Lazarus



[laz-er-uh s] /ˈlæz ər əs/

noun
1.
the diseased beggar in the parable of the rich man and the beggar. Luke 16:19–31.
2.
a brother of Mary and Martha whom Jesus raised from the dead. John 11:1–44; 12:1–18.
3.
Emma, 1849–87, U.S. poet.
/ˈlæzərəs/
noun (New Testament)
1.
the brother of Mary and Martha, whom Jesus restored to life (John 11–12)
2.
the beggar who lay at the gate of the rich man Dives in Jesus’ parable (Luke 16:19–31)

Biblical character (Luke xvi:20), the poor man covered in sores; his name was extended in medieval usage to “any poor and visibly diseased person” (cf. lazar, mid-14c., “one deformed and nauseous with filthy and pestilential diseases” [Johnson]). The name is from a Greek rendition of Hebrew El’azar, literally “God has helped.”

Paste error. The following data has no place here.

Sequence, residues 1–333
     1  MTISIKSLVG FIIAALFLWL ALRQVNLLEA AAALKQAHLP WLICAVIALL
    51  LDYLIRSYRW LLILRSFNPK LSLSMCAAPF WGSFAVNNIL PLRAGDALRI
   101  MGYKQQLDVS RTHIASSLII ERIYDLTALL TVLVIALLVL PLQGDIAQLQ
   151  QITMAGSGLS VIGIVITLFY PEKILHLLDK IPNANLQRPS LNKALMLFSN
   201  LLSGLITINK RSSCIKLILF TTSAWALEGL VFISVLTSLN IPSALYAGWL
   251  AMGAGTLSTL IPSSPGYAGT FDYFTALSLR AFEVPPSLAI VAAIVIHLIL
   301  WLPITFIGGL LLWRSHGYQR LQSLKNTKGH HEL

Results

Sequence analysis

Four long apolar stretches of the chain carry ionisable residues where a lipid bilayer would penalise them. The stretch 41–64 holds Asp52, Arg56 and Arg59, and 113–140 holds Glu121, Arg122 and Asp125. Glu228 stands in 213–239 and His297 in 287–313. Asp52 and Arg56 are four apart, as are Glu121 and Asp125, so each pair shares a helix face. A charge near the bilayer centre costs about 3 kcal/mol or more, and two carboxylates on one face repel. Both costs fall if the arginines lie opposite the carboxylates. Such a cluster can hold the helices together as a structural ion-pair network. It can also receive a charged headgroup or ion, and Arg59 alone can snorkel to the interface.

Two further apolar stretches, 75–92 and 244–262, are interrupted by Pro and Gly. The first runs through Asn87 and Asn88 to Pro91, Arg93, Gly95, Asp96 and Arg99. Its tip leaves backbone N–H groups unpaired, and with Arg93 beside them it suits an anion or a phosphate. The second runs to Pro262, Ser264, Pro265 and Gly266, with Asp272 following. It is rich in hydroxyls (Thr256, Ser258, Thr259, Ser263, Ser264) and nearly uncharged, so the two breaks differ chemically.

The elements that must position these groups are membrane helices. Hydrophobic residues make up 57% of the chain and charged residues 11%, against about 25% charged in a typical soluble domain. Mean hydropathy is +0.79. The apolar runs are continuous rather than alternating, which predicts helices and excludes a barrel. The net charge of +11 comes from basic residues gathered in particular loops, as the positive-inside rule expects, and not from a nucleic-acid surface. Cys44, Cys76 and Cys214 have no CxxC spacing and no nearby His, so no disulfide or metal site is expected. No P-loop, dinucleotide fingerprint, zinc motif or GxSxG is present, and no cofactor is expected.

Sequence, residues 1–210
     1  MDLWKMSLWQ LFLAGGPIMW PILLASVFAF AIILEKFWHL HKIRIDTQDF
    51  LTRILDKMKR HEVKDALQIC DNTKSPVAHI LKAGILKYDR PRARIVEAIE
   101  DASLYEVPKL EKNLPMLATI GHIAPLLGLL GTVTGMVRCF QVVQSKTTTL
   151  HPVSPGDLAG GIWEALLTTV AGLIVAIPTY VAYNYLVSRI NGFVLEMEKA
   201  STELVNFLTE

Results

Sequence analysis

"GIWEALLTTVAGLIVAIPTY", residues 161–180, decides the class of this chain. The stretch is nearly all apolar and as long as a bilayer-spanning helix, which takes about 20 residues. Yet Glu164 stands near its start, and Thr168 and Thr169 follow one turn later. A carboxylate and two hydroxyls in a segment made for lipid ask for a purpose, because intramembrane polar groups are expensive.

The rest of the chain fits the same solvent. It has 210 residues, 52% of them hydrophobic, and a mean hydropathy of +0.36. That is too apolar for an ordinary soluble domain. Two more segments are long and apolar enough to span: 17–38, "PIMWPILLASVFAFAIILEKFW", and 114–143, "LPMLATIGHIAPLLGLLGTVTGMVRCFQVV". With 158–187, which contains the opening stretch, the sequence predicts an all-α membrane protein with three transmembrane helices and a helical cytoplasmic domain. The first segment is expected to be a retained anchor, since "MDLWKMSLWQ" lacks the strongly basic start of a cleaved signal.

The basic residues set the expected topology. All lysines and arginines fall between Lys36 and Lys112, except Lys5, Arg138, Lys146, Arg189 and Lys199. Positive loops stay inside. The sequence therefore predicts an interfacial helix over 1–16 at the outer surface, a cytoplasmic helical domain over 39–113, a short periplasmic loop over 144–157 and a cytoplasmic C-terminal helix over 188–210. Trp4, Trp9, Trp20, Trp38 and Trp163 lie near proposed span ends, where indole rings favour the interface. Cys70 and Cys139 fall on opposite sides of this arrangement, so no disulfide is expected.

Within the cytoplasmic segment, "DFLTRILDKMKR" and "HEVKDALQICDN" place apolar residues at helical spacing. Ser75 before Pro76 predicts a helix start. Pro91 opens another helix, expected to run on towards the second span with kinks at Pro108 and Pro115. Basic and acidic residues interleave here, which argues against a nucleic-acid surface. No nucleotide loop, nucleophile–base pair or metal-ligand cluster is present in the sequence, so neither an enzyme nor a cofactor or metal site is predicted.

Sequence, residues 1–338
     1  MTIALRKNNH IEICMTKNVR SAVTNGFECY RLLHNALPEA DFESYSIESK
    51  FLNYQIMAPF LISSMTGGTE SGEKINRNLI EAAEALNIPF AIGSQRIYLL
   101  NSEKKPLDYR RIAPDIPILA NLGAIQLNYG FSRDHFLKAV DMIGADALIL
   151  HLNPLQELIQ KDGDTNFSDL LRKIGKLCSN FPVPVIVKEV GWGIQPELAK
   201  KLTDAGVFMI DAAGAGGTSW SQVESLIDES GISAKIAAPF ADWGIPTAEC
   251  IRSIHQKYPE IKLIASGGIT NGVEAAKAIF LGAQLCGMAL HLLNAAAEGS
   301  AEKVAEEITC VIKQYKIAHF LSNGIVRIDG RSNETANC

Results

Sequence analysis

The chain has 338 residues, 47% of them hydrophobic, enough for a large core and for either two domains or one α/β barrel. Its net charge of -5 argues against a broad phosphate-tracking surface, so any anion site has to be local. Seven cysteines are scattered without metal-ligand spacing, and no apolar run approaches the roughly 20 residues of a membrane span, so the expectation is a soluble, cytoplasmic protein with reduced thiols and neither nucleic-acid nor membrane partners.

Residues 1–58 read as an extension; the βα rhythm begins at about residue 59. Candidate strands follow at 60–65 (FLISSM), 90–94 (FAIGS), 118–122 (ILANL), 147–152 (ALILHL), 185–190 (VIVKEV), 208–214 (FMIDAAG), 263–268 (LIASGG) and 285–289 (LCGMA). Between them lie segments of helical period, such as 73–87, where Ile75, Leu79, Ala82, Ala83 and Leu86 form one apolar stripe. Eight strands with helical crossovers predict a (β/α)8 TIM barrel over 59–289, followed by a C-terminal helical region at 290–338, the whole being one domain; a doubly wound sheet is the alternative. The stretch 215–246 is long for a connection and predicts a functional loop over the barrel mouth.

Lazarus [(laz-uhr-uhs)]

A man brought back to life by Jesus after being in the tomb for four days. The incident is recorded in the Gospel of John. The raising of Lazarus is considered the crowning miracle or sign revealing Jesus as the giver of life. It also is the act that caused the enemies of Jesus to begin the plan to put Jesus to death. (See Crucifixion.)

Note: Someone who makes a comeback from obscurity is sometimes called a “Lazarus rising from the dead.”

an abbreviation of Eleazar, whom God helps. (1.) The brother of Mary and Martha of Bethany. He was raised from the dead after he had lain four days in the tomb (John 11:1-44). This miracle so excited the wrath of the Jews that they sought to put both Jesus and Lazarus to death. (2.) A beggar named in the parable recorded Luke 16:19-31.

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